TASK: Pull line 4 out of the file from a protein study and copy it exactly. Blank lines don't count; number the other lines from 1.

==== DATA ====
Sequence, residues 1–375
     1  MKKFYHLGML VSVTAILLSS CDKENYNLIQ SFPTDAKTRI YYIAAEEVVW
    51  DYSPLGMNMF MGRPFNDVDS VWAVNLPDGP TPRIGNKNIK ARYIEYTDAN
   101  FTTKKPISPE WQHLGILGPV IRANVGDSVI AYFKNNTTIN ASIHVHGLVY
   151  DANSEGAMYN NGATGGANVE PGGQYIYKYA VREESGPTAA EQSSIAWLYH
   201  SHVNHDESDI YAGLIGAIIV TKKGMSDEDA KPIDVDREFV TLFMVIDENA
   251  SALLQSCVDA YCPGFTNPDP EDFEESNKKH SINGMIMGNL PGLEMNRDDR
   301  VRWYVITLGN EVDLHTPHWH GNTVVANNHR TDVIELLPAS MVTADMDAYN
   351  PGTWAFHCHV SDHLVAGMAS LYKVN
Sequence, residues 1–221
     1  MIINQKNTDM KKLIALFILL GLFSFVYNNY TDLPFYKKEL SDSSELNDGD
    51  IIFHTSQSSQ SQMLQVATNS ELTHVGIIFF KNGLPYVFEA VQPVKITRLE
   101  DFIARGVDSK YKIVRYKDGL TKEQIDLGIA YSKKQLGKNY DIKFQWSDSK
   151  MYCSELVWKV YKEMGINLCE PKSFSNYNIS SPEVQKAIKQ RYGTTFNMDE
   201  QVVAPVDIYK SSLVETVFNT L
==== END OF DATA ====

   101  FTTKKPISPE WQHLGILGPV IRANVGDSVI AYFKNNTTIN ASIHVHGLVY